Women Attack 'Sexist' Shopping Spree Ad for Ruth Bader Ginsburg Movie
Even liberal movies can't avoid ticking off feminists.
In the lead-up to Christmas, Focus Features released a Facebook ad encouraging women to sign up to win a free shopping spree and a trip to Washington, D.C., to celebrate the release of "On the Basis of Sex," a movie about Supreme Court Justice Ruth Bader Ginsburg. Women attacked this as "sexist," "sexploitational," and "deeply unsettling," and it does seem particularly tone-deaf in context.
"Win a shopping spree and a trip to Washington, D.C. for you and a friend to celebrate the release of On the Basis of Sex based on a true story of Ruth Bader Ginsburg," Focus Features wrote in the ad. The ad included a link to the Focus Features website and an invitation to sign up for the contest with a flashy picture of Felicity Jones in a suit in front of the Supreme Court.
Women on Facebook did not take kindly to the ad.
"Am I the only one who finds this deeply unsettling?" one woman asked. "This is supposed to be a movie about breaking female stereotypes and getting representation in government but on this free trip they will take us shopping?"
One woman expressed her excitement for the Ruth Bader Ginsburg film, while admitting that the shopping spree "is a little sexist." Another asked if she could skip the shopping spree "and take a tour or something? It's DC. If I wanted to shop I could do that at home."
Others mocked the advertisement. One woman imagined the marketing plan behind the ad:
Focus Features Marketing Genius #1: "How should we sell a feminist film to women viewers without employing the very stereotypes the film's subject seeks to break down?"
Focus Features Marketing Genius #2: "Uh...shopping?"
This comment received 118 reactions, and one commenter responded, "DAMN grrrrrrrl! burn level: HIROSHIMA."
Another woman posted that she agreed "with all postings about the very blatant sexploitational promo and poster for this movie." She argued that even though "On the Basis of Sex" is "supposed to be a serious biographical movie," the ad "looks like Mrs. Mazel Goes to Washington. Not liking!" Another agreed that the ad was "so blatantly suggestive."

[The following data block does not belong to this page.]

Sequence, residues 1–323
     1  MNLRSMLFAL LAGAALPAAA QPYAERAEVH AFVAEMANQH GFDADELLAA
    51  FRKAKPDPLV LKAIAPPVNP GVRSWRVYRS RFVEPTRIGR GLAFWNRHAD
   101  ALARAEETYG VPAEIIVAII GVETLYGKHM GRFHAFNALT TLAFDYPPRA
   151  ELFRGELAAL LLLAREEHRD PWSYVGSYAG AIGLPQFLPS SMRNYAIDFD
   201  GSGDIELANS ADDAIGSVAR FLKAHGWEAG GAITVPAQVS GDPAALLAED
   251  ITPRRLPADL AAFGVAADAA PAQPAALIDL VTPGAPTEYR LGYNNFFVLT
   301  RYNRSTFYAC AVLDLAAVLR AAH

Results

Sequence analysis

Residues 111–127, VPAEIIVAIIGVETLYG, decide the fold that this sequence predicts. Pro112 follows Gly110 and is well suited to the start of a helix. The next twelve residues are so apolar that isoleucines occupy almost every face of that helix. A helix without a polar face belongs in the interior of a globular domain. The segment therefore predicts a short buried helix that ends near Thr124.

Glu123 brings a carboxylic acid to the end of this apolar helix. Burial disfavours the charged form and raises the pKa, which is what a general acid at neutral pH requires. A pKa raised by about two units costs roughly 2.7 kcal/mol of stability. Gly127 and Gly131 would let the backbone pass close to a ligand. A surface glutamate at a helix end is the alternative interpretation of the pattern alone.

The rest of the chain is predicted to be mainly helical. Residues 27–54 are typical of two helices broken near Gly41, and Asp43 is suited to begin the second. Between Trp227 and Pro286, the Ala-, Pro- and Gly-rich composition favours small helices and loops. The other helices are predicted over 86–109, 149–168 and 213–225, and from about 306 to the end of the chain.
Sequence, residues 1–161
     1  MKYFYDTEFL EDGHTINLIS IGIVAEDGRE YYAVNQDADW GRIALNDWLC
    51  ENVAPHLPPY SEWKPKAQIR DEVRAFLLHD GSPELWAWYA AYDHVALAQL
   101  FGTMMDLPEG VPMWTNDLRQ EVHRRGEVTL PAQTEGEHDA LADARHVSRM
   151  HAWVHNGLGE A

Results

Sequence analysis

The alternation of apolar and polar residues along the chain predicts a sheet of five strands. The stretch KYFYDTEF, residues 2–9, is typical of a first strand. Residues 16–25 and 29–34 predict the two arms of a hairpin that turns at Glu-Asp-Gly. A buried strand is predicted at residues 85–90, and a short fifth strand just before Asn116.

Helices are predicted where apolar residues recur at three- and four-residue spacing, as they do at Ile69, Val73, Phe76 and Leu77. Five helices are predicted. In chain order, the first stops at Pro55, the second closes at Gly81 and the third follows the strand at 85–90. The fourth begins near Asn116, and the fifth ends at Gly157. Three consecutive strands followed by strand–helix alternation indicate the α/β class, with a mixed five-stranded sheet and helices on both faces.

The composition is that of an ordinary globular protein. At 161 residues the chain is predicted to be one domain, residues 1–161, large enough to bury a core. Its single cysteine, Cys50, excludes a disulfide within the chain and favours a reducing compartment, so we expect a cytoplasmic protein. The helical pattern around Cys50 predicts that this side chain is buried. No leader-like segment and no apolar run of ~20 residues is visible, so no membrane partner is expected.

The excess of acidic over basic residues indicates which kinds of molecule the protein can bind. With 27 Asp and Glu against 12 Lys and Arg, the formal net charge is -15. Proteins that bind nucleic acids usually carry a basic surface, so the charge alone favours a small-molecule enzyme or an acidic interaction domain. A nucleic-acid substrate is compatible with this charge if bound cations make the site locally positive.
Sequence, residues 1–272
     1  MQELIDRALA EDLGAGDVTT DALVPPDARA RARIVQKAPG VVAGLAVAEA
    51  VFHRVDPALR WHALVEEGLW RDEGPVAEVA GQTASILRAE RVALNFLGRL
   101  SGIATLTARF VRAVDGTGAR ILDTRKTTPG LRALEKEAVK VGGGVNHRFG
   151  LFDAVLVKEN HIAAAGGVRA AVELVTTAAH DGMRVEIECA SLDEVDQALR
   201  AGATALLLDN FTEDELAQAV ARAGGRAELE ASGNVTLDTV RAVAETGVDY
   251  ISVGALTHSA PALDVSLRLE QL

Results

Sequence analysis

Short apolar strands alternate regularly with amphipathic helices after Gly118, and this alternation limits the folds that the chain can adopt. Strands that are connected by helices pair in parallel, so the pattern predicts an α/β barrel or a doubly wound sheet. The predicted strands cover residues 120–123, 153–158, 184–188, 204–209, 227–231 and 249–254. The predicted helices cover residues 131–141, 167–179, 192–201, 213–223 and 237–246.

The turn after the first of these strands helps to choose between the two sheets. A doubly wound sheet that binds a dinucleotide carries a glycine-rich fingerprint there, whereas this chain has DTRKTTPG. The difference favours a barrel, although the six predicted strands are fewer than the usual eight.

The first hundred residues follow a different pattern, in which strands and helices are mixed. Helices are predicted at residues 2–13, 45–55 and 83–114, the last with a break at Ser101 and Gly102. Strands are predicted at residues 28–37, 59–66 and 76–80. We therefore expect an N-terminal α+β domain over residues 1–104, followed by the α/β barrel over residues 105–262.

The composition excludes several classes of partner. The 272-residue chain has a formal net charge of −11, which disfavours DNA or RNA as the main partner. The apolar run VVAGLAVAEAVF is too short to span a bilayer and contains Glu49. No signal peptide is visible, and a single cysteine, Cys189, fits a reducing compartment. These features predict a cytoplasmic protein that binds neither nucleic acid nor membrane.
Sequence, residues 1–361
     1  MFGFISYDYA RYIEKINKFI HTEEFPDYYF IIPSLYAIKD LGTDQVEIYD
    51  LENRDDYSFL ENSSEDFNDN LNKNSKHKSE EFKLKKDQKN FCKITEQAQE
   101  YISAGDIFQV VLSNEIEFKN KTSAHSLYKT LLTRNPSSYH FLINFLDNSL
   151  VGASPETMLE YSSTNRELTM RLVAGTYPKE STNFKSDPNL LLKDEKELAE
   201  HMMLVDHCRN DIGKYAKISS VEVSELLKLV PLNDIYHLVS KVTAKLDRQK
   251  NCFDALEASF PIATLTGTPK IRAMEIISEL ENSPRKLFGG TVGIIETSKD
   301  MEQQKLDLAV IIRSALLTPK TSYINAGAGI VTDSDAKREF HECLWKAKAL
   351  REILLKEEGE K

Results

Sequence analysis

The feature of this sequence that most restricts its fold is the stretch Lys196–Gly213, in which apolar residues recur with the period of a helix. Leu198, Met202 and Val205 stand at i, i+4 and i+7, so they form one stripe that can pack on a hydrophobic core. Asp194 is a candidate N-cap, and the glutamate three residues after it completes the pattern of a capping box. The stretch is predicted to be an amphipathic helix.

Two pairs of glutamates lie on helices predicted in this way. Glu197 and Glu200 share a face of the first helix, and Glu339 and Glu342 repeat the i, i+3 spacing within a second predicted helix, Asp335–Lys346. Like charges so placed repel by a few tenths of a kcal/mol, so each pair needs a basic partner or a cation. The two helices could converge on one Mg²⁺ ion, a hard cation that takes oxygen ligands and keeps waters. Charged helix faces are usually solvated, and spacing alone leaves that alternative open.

Another woman suggested a meet and greet instead of a shopping spree. "I'd rather go and meet RGB [sic]... a shopping spree no thanks. I'd rather be able to spend an hour (or more) talking and listening," she wrote.
Ironically, one commenter who complained about the ad's sexism got in trouble for another form of discrimination.
"How to make men interested: Let's use the word sex! How to make women interested: OMG shopping! Why do I get the feeling this marketing team is over 50?" one woman posted. Another shot back, "Ageism. No better, dear."
The original commenter responded, "Perhaps but at some point one should admit that there is a certain age that goes along with this archaic mentality. I'm between X & Millennial and am really tired of this attempt at capturing people's attention."
One profane commenter simply responded, "A shopping spree? Really? Talk about f**king tone deaf."
While feminists often go overboard and find sexism in matters of everyday life, their complaints about this ad seem fitting.
"On the Basis of Sex" focuses on the story of Ruth Bader Ginsburg, a woman whose twin dedications to her family and her career were truly impressive and trailblazing. She cared for her husband (struggling with cancer) and her infant daughter, all while rising in the ranks of the legal profession.
The film also presents Ginsburg as a trailblazer who argued against laws that assume specific gender roles in society. This makes her a feminist hero. (Many conservatives rightly argue she has twisted the law toward liberal activism, and even some liberals worry that lionizing Ginsburg sends the wrong message about the legal profession.)
It does indeed seem odd for Focus Features to promote such a feminist film by offering a free shopping spree. Perhaps they need to get to know their audience a bit better.
Follow the author of this article on Twitter at @Tyler2ONeil.